17 weeks to Davos. 17 global goals to achieve a sustainable future. 17 blog posts exploring the UN’s vision for humankind.
Global Goal 14: Conserve and sustainably use the oceans, seas, and marine resources for sustainable development.
The largest garbage dumps in the world are not visible from the sky, and many who travel through them never realize it. An estimated 8 million tons of plastic is added to them every year, even though they are located in the middle of our oceans.
Trapped by a massive, slow-moving vortex of currents swirling around in a circle across hundreds of thousands of miles, plastic and other refuse collects in one of five major ocean gyres – two in the Atlantic, two in the Pacific, and one in the Indian. Over time the plastics dumped into the oceans break down into small pieces, and even micro particles, that hover near the surface of the water until they’re eaten by birds, fish, and other sea creatures. Some of them die from an inability to digest the plastic. For others, the plastic concentrations slowly flow through the global food chain, accumulating in other species with unknown consequences.
It’s not just our oceans being affected, and it’s not just from cities and countries with substandard waste management practices. Our daily activities are contributing to the problem. For example, when we wash clothes made from nylon, minute amounts of plastic flush into water systems. Toxins like DDT attach to the plastic particles, which are then consumed by animals or recycled back into the fluids we drink. The big concern is whether they will eventually accumulate into dangerous levels.
A microplastics research project by Adventurers and Scientists for Conservation is collecting and analyzing water samples gathered by outdoor enthusiasts around the world. An interactive map shows how many plastics were found in each sample collected, and where samples need to be collected if you’re interested in participating.
Turning on your washing machine isn’t the only way your day-to-day activities affect earth’s bodies of water. Your car, lawn mower, and other gas-guzzling appliances contribute to ocean acidification, whether you live in the Florida Everglades or the Dzoosotoyn Elisen Desert, the furthest point in Asia from an ocean. Oceans absorb about one-third of the carbon dioxide produced by fuels we burn. Carbon dioxide isn’t just destroying earth’s ozone layer, it has increased ocean acidity levels a whopping 25% since the Industrial Revolution kicked into high gear 200 years ago.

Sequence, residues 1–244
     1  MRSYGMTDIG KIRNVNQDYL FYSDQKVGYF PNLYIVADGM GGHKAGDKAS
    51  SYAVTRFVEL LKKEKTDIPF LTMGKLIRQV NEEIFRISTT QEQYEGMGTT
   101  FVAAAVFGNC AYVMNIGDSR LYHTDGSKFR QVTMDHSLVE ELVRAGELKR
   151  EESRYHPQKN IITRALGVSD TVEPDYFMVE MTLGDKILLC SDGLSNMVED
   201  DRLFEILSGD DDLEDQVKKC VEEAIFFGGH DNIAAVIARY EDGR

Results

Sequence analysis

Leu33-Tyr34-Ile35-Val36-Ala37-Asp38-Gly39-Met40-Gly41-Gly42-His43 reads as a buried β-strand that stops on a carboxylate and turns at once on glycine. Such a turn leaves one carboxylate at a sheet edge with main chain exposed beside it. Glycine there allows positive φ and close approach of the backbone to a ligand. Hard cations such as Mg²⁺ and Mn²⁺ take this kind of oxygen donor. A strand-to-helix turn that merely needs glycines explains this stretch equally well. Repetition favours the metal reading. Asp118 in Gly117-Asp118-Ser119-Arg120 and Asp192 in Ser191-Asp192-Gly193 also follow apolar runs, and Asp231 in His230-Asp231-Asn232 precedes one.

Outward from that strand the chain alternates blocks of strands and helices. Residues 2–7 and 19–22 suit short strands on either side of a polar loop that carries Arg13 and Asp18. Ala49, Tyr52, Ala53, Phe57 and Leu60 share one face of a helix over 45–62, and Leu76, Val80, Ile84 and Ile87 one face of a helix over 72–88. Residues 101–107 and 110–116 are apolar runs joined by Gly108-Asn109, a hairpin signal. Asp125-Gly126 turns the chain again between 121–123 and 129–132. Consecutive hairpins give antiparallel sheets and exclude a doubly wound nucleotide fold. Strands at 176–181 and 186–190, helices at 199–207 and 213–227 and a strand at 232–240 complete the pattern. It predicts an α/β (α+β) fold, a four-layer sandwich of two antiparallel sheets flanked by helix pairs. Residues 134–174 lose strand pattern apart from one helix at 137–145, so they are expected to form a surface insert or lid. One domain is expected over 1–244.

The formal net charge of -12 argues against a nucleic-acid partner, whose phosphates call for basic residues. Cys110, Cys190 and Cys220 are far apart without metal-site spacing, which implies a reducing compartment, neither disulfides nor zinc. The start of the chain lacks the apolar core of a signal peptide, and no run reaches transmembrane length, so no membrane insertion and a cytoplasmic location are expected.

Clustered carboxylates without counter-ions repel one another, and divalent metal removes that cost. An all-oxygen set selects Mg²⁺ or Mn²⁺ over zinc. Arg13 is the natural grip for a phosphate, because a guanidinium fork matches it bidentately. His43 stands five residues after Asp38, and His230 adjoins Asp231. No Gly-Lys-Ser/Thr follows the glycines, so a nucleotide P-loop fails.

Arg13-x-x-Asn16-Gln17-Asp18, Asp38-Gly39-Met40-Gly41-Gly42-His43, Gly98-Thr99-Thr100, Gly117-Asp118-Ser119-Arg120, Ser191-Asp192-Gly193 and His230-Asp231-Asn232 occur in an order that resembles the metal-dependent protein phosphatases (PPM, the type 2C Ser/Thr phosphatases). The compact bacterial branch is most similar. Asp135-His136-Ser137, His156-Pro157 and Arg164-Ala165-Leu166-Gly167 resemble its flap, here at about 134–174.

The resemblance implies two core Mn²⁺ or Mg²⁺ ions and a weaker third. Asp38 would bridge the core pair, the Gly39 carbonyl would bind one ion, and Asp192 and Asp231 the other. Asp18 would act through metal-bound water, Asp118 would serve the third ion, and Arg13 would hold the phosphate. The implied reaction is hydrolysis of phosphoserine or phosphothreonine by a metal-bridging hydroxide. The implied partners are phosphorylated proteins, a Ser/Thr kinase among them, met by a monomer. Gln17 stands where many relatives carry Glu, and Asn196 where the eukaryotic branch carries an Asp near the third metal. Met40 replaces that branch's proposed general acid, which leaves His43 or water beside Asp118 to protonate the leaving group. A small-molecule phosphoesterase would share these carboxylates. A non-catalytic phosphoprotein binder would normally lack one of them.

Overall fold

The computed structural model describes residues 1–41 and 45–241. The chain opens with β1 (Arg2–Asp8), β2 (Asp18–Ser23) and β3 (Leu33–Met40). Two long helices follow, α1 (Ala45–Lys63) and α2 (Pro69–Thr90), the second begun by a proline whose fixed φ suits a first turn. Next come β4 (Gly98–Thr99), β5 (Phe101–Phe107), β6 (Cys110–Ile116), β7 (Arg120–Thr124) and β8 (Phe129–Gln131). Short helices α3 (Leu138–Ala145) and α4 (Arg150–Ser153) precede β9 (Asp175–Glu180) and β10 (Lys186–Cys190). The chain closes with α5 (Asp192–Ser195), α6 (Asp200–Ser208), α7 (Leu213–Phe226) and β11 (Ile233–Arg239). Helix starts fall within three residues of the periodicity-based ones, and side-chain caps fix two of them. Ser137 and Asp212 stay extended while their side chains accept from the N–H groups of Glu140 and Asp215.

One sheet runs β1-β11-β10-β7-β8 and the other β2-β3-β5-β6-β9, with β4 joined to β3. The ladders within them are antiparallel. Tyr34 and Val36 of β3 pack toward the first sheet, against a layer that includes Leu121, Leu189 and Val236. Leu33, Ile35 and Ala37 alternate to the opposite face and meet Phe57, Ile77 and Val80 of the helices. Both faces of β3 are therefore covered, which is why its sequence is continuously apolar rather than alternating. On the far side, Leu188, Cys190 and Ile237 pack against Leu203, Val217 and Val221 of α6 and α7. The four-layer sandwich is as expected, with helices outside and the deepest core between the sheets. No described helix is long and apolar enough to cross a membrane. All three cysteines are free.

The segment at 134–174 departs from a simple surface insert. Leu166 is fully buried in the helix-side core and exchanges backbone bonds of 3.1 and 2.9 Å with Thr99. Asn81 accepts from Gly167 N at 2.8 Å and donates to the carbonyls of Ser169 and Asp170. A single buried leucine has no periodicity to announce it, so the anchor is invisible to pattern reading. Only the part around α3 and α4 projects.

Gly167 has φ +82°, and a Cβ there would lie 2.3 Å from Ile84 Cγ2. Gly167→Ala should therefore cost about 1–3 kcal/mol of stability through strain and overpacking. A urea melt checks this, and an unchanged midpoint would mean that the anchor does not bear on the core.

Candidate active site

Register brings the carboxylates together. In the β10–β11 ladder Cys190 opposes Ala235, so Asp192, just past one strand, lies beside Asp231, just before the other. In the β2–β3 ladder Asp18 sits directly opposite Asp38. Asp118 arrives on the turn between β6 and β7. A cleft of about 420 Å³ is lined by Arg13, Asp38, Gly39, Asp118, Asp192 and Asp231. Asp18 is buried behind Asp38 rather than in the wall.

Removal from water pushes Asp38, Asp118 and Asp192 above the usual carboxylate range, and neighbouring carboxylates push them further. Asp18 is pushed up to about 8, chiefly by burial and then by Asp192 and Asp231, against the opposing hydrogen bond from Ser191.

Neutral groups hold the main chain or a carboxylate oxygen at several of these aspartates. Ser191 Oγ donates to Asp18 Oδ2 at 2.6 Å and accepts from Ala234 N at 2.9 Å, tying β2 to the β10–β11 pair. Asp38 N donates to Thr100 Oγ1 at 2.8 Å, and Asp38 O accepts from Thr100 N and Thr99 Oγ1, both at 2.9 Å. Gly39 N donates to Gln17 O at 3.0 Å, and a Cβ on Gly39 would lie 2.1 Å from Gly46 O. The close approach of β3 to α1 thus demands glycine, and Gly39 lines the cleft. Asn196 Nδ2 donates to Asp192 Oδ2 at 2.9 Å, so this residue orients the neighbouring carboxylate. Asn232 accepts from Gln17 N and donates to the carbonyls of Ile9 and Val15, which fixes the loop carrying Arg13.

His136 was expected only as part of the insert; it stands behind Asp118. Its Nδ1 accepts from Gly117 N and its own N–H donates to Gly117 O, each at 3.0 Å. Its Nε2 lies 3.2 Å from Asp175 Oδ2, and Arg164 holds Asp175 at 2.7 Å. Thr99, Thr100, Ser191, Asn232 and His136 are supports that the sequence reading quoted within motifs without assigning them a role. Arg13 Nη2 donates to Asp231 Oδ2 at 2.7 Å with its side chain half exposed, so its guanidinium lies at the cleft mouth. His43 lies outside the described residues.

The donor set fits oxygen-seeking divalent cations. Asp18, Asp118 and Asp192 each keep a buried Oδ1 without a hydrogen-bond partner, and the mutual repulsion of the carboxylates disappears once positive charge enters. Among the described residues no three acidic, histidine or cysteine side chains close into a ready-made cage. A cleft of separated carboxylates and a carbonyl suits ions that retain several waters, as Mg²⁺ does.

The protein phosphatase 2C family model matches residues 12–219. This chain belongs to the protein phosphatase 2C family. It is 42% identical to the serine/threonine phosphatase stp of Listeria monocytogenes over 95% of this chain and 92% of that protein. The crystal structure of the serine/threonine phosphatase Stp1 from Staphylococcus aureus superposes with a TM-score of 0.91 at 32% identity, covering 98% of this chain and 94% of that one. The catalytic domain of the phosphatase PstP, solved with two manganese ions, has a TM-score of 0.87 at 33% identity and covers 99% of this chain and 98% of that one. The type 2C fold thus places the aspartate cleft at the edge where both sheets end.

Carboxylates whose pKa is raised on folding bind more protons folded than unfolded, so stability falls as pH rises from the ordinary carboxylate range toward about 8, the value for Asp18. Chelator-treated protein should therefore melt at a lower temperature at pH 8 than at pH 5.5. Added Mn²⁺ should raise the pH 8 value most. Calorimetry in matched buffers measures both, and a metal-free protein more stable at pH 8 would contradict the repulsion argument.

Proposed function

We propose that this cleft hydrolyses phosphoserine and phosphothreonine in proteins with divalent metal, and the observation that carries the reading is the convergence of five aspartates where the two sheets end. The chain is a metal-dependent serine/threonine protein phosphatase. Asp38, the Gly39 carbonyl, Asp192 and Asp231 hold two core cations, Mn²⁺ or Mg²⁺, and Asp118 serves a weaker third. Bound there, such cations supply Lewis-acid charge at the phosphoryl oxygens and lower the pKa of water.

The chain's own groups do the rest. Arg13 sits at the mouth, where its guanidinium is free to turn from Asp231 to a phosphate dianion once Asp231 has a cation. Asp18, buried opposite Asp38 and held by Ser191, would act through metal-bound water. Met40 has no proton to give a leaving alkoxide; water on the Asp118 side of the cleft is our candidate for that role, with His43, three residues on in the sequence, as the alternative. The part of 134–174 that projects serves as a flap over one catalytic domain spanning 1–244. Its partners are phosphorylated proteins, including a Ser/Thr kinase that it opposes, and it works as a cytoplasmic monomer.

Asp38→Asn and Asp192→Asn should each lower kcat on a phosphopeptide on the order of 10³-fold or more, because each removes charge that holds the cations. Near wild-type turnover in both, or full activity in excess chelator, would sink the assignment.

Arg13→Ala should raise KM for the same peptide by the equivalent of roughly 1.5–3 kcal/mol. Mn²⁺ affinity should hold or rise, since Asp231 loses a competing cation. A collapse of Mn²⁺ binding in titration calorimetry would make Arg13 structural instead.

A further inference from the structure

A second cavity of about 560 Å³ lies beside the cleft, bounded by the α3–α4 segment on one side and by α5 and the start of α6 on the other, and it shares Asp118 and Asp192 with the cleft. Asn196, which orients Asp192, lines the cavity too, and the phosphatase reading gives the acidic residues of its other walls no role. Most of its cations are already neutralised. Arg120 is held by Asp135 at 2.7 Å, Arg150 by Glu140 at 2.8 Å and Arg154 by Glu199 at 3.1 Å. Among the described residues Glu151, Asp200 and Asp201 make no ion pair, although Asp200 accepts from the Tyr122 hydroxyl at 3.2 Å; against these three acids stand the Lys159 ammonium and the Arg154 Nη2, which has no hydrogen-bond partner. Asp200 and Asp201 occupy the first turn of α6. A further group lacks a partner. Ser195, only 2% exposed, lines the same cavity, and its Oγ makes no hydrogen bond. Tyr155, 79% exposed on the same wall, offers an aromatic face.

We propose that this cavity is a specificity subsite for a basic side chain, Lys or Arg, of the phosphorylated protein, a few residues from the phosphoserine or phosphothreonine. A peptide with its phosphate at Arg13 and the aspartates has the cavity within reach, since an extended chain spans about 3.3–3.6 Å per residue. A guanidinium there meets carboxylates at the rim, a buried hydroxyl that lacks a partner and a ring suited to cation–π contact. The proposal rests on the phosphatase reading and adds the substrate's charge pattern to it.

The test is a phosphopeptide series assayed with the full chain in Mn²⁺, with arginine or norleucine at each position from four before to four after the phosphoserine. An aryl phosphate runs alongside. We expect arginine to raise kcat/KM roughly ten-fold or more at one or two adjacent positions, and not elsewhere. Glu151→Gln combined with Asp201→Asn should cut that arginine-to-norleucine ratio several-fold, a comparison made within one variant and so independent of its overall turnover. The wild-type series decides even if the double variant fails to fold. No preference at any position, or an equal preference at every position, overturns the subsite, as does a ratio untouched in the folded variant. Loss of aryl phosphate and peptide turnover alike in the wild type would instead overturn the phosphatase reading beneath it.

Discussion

We don’t know much about the impact of increasing acidification, though research shows that it weakens shells of creatures, reduces productivity of some fish, and impacts microbial life. Researchers believe coral reefs build less skeletal structures critical to marine life, and reduced productivity of fish slow the restoration of fisheries badly damaged from overfishing.
Over 158 million tons of fish were taken from the oceans, seas, and inland waters in 2012 – an amount that has been continually rising for decades. Almost all of that growth since 1985 came from aquaculture, or fish farms, while production from natural fish habitats has leveled off. That is a positive development, though almost 30% of natural fish stocks continue to be overfished, while 60% are fished at the maximum sustainable level, and 10% below maximum capacity. We risk a precipitous drop in the health of fish habitats if overfishing continues.
Overfishing doesn’t just create future risks. Nor is it an abstract, global issue. It is already impacting you. The number of times you think you are eating one seafood or fish, when in reality you are eating something different, is amazingly high. It’s due to food fraud, which is on the rise as demand for protein outstrips supply. Researchers at Oceana found that 90% of sushi is mislabeled in Los Angeles; similar results have been found in other cities. It’s probably not white tuna in your sushi roll. And all those Italians who love their palombo. Well, unfortunately 78% of time it’s not shark.
In almost all cases, seafood is substituted for a cheaper species or one that has been banned from sale due to overfishing, strongly suggesting a deliberate attempt to deceive consumers. DNA barcoding can stop fraud in the food industry by conducting fast, low-cost DNA tests in stores and distribution centers and integrating the results into supply-chain management systems. It ensures consumers who buy the goods, and the companies that sell it to them, get what they pay for. In the process, the companies adopting anti-fraud tools help stop unsustainable practices destroying life under water.
You may be located thousands of miles from the nearest ocean, but your daily actions are impacting, and being impacted by, their degradation. With oceans and inland water bodies covering 71% of earth, we can’t ignore their state. Consumers, and the companies selling them products, can choose materials and sustainable practices to help protect them.
Want more on the UN’s vision for a better future? Follow the 17 Weeks To Davos blog series.
This article originally appeared on Digitalist Magazine. See here.